Earlier we mentioned that the architectural features of the classic period were highly respected and therefore, used when constructing buildings of highly authoritative property. One of them is the White House, built at the beginning of the 19th century.

West Orange Town Hall

Photo: instagram.com

This building may not have been built during the peak of the Neoclassical period, but its features represent that period’s architectural styles. West Orange’s town hall holds governmental and legislative power, thus being responsible for keeping public records and giving the citizens of West Orange government-related services and information.

Helsinki Senate Square Cathedral

Photo: instagram.com

One of the most important Finnish buildings is the Senate Square Cathedral in Helsinki. It’s an Evangelical Lutheran cathedral built in the middle of the 19th century in honor of Emperor Nicholas I of Russia. Aside from being a frequent tourist attraction, it also serves as a place for social events.

The Petit Trianon Chateau, Versailles

Photo: instagram.com

Located in the Palace of Versailles, this 18th-century chateau had been home to many famous French monarchs throughout history. First, it was built for Madame de Pompadour, the mistress of King Lous XV. After her death, it was owned by Madame du Barry, and finally, by Queen Marie Antoinette. Before it was converted into a museum in her honor, it also served as a hostel during the French Revolution.

The National Gallery, London

Photo: pinterest.com

The famous art gallery that we know today has been open to the public since 1824. Before permanently being set on Trafalgar Square, it started as an art exhibition gallery under the temporary management of the art dealer and painter William Seguier. It was located in Pall Mall and it held 38 paintings. Now, with over 2000 artworks on display, it’s one of the most frequently visited attractions by tourists in London.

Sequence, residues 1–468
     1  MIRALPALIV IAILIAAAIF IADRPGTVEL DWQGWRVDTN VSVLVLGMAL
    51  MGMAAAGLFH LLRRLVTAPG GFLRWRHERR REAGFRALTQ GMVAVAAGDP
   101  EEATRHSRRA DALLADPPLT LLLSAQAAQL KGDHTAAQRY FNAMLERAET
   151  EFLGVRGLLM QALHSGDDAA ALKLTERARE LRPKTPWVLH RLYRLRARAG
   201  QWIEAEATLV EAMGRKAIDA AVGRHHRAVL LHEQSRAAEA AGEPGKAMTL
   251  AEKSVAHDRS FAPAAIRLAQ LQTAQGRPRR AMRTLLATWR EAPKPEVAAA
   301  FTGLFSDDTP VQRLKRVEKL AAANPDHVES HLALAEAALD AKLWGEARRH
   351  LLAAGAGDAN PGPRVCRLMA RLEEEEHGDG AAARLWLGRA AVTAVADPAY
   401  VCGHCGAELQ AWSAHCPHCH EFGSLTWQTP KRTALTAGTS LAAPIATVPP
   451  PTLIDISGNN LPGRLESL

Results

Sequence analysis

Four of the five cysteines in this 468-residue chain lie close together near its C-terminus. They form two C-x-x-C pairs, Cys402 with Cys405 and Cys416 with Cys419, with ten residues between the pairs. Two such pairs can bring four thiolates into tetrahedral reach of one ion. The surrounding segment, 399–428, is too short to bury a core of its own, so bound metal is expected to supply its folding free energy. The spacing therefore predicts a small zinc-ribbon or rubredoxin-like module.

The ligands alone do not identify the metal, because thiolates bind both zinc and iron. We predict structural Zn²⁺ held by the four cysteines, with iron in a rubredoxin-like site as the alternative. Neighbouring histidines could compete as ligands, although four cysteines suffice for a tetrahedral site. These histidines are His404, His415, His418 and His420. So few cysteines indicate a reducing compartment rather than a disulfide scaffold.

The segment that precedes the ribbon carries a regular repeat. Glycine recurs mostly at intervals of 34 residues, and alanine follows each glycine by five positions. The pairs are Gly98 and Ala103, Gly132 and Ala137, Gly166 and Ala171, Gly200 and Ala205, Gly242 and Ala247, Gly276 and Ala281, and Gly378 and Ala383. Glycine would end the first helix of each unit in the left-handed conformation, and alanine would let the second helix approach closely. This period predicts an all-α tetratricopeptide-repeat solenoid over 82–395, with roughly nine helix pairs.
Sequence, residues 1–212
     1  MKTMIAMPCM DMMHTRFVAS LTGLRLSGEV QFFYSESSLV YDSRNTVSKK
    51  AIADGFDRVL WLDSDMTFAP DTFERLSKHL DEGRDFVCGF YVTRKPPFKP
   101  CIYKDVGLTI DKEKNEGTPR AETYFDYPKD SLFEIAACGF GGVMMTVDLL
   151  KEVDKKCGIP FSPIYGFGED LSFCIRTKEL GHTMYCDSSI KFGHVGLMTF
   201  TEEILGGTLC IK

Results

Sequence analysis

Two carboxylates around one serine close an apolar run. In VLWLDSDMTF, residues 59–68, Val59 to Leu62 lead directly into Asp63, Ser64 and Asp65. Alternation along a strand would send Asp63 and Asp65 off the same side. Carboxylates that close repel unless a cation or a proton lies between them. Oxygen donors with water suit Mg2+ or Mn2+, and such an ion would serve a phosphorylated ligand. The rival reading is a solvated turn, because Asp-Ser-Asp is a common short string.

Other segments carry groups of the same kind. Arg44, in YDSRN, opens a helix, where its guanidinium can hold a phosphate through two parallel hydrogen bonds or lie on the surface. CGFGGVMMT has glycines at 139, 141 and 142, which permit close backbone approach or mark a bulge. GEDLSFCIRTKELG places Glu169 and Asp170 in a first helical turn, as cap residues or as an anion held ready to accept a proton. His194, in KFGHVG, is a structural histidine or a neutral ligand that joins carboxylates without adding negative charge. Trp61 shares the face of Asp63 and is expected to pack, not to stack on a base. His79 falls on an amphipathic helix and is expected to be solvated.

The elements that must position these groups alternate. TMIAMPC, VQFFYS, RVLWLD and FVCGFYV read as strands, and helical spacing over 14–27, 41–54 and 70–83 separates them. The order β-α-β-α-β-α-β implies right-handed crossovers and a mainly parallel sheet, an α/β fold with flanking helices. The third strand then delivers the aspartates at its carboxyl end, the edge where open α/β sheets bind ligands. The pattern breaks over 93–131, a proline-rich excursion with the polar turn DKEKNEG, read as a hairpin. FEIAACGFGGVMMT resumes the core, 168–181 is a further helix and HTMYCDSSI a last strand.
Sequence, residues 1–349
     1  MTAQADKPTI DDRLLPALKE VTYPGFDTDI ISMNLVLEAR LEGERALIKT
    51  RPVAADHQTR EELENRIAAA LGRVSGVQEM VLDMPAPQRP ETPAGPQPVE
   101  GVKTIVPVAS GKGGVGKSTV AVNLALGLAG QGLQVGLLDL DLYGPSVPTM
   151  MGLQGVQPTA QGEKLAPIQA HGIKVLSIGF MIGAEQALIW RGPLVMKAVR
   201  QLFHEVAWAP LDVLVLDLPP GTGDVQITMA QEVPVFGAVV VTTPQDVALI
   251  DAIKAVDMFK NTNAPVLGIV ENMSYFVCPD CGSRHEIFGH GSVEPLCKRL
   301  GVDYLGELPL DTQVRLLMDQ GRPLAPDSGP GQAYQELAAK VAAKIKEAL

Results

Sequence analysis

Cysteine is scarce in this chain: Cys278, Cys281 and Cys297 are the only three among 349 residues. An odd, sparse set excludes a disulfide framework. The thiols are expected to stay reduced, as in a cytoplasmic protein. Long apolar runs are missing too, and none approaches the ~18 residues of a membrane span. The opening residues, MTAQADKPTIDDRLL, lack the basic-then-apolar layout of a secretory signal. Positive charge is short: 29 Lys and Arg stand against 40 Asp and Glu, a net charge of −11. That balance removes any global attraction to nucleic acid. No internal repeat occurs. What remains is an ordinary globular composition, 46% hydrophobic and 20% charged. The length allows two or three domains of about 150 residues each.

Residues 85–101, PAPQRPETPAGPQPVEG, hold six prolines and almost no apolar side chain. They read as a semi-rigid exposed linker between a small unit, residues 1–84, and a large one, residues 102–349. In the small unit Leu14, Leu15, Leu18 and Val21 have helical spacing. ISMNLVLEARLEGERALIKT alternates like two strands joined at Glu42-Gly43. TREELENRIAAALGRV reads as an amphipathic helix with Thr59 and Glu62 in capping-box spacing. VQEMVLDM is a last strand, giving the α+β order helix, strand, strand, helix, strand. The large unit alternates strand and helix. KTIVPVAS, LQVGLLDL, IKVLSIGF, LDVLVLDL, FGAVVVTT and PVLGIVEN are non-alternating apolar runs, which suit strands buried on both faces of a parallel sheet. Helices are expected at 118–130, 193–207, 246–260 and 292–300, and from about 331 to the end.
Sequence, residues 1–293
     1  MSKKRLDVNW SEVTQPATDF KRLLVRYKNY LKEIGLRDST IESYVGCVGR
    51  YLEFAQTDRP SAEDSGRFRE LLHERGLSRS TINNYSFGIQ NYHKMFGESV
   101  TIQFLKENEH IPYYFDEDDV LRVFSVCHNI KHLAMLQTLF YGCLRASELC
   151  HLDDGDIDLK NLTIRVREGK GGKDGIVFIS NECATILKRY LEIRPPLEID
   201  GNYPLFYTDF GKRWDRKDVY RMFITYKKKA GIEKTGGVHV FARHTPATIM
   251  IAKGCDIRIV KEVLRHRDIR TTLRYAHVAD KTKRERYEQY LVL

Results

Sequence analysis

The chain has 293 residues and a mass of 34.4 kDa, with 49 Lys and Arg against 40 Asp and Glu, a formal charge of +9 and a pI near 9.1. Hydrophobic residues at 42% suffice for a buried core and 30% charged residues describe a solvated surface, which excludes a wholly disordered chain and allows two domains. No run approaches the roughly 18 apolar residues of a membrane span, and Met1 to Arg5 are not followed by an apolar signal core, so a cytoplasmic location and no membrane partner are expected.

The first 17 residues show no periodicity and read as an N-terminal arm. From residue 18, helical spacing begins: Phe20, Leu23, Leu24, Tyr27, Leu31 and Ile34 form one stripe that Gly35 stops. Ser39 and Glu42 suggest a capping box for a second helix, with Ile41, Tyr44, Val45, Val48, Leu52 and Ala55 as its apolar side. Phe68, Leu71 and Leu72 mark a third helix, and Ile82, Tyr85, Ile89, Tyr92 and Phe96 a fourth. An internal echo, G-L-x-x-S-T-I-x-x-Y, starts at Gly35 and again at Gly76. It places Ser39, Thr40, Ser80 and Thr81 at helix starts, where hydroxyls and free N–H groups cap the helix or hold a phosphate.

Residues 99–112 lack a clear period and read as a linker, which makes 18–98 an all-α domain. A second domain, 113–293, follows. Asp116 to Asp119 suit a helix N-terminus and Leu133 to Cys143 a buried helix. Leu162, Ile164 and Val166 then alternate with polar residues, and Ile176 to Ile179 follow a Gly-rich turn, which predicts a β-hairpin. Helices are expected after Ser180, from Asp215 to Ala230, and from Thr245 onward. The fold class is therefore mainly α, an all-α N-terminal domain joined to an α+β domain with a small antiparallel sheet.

Institute of Classical Architecture & Art, Philadelphia

Photo: instagram.com

Also known as The Philadelphia Museum of Art, this museum was opened to the public in the early 20th century as both an industrial art gallery and school that offered educational programs for the public. It has a rich history in terms of displayed objects as many people used to donate everything to the museum, like paintings, books, and even jewelry.

Now the educational facility is separated from the museum, but it is still a highly-regarded place as it holds over 200,000 art objects originating from the Eastern and the Western world.

Panthéon, Paris

Photo: instagram.com

The Pantheon, whose name means “a temple for the gods”, is a well-known place of Christian worship in Paris. When its construction began in mid 18th century, it began with the intention of serving as a praying place honoring Saint Genevieve, Paris’ patroness saint as it was believed that she helped King Luis XV recover from his illness.

However, the didn’t always serve that purpose. Towards the end of the 18th century, it served as the final resting place for many influential people of that time like the President of the Constituent Assembly Honore Gabriel Riqueti Comte de Mirabeau and the writers Francois-Marie Arouet de Voltaire and Jean-Jacques Rousseau.

Dundurn Castle, Canada

Photo: instagram.com